||Federation of Citizens Associations
||President, Glover Park
||Civic & Social Action Committee,
DC Baptist Ministers Conference
Karen Bullock Jordan
Gay & Lesbian Task Force
|1993 March on Washington for
Lesbian, Gay & Bi Equal Rights & Liberation
||Sodomy Repeal Project
|AMBI, Alliance of Multi-Cultural
||President, George Washington
University Gay/Lesbian Alumni/ae
|Dr. D. Lee
||President, Clergy Church &
Religious Leaders United to Uphold the Truth
||Capital Region Gay-Lesbian- Bisexual
Veterans of America
||Host Committee Local Chapter, 1993
March on Washington for Lesbian/Gay & Bi Equal Rights and Liberation
||Former Chairman of the Council of
the District of Columbia
Elias Farajaje Jones
|D.C. Coalition of Black Lesbians,
Gay Men and Bisexuals
||ANC 48-10 Commissioner
||Gay Asian Pacific Islander Network
L. Page MacCubbin
|Center for Population Options
||D.C. Chapter of National Conference
of Black Lawyers
||Archdiocese of Washington
||Amnesty International USA
||ANC 18 Commissioner
||Unitarian Universalist Association
The following is a summary of the salient points presented orally and in writing to the
Franklin Kameny, Traditional Values Coalition Inc.,
of D.C. and the Mattachine Society of Washington, Inc., testified in support of Bill
10-30. Mr. Kameny stated that sodomy is not synonymous with homosexuality, and cited
statistics which indicate that a substantial majority of Americans homosexuals and
heterosexuals engage in sodomy as it is legally defined. Twenty-six states, Mr.
Kameny said, have repealed or struck down their sodomy laws. In addition, Mr. Kameny
stated that sodomy laws have been used unfairly as justification for restricting adoptions
and child visitation rights and denying security clearances to homosexuals. Mr. Kameny
noted that 16 is the legal age of consent for other sexual acts in the District of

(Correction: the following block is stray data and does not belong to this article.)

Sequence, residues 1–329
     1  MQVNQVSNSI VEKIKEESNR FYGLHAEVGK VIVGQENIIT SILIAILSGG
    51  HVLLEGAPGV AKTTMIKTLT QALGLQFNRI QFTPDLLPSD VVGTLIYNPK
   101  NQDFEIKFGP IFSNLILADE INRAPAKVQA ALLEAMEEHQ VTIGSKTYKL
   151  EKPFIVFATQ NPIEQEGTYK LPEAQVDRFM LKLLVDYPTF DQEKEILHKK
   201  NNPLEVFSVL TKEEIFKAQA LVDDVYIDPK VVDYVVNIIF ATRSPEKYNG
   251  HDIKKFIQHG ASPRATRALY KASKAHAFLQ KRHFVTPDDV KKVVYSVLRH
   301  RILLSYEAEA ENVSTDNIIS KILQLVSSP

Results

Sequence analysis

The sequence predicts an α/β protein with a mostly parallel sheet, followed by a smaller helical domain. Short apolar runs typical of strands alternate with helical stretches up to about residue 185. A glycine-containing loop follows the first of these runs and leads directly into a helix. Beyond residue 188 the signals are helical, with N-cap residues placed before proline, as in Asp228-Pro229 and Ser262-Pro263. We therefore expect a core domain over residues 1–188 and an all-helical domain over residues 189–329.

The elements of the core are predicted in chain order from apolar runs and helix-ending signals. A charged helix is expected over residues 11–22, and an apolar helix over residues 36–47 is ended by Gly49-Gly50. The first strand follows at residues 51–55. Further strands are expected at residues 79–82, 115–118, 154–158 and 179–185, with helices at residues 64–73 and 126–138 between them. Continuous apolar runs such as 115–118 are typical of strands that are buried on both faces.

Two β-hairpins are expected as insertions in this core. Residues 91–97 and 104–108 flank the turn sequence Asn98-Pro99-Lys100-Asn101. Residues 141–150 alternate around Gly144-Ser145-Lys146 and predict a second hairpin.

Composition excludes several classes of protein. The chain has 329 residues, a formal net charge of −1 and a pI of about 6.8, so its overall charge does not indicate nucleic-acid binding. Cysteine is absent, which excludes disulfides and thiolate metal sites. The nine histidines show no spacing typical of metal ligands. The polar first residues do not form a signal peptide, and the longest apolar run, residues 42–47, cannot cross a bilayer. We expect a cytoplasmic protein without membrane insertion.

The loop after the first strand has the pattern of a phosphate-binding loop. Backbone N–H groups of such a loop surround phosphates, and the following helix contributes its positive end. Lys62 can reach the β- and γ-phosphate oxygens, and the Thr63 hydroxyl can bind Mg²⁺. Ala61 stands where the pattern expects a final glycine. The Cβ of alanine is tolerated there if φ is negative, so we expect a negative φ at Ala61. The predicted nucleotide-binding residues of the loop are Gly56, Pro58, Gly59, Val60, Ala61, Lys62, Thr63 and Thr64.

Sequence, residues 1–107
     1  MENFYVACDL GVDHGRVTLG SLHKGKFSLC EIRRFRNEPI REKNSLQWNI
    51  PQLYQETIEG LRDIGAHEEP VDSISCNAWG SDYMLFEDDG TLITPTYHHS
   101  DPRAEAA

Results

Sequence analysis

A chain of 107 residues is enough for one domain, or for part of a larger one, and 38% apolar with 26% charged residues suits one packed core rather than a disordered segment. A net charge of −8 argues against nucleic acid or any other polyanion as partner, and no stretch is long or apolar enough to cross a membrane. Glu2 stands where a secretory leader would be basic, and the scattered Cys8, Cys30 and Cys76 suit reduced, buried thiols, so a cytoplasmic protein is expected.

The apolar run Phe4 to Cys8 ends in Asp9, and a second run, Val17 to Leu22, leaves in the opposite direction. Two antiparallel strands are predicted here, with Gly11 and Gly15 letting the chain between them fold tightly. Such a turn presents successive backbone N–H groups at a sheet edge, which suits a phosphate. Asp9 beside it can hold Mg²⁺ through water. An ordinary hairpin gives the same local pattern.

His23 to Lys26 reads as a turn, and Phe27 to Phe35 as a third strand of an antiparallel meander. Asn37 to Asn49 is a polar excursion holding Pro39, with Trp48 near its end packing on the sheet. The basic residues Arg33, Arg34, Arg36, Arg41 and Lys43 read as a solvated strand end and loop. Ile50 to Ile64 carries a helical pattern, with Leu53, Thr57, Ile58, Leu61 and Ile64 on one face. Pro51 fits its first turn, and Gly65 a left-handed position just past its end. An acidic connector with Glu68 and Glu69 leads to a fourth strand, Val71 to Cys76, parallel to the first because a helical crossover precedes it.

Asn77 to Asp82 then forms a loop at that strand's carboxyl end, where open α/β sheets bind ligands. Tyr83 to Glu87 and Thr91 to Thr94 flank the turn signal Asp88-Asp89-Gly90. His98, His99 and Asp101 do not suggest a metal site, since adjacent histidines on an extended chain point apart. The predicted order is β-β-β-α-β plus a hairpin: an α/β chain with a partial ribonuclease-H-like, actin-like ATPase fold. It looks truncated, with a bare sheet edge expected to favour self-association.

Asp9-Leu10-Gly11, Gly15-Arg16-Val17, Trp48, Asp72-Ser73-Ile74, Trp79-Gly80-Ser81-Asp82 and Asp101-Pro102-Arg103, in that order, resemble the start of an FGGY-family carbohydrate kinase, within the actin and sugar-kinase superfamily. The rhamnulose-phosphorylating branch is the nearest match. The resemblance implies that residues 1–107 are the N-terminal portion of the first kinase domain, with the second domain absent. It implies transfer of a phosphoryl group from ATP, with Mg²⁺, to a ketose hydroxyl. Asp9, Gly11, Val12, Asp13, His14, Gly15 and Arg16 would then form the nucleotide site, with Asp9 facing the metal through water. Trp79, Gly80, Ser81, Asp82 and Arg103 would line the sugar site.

Columbia and has been since at least 1901. Raising the age as it applies to sodomy reform
would be anomalous to the "general body of D.C. law," and "would have a
number of adverse consequences," Mr. Kameny said.
Sabrina Sojourner, Administrative Vice-President of
the Gertrude Stein Democratic Club, testified in support of Bill 10-30. Ms. Sojourner
stated that existing sodomy law runs contrary to the D.C. Human Rights Act and is
discriminatory. She echoed Mr. Kamenys statements regarding the selective
enforcement of sodomy statutes as a means of denying homosexuals fair and equal treatment.
Failure by the Council to reform D.C. sodomy statutes would be tantamount to condoning
human rights violations, she said.
Jeff Coudriet, President of the Gay and Lesbian
Activists Alliance of Washington, testified in favor of Bill 10-30. Mr. Coudriet
equated sodomy reform with furthering citizens. right to choose, citing the "realm of
personal privacy." He characterized the existing sodomy law as "a legal facade
to bigotry" and "a green light for people who hate." He said raising the
age of consent for sodomy to la "would forever enshrine an unfair separate and
unequal standard in the law and would further stigmatize the lives of gay and
Larry Ray, Advisory Neighborhood Commissioner for
ANC 2B01, testified on behalf of ANC 2B in favor of Bill 10-30. Mr. Ray called the
Districts sodomy law archaic and "an infringement on the constitutional right
to privacy of every resident of the District of Columbia," which serves as a symbol
Don Haines, representing the National Lesbian and
Gay Law Association, testified in favor of Bill 10-30. Mr. Haines noted that if the
U.S. Congress had not struck down previous legislation approved by the Council reforming
the Districts sodomy law, Bill 10-30 would not be necessary. Mr. Haines said that
sodomy laws invade the privacy rights of all Americans. He cited a 1983 study of 12,000
people nationwide that determined that 90 percent of the married and unmarried
heterosexuals interviewed engaged in oral sex. Furthermore, Mr. Haines said only 15 states
have as restrictive a sodomy statute as the District. He concurred with previous testimony
and said sodomy law encourages discriminatory enforcement against minorities and
"collateral discrimination against lesbians and gay men."
Rev. Larry Uhrig and Rev. Candace Shultis,
representing the Metropolitan Community Church, testified in support of Bill 10-30. Rev.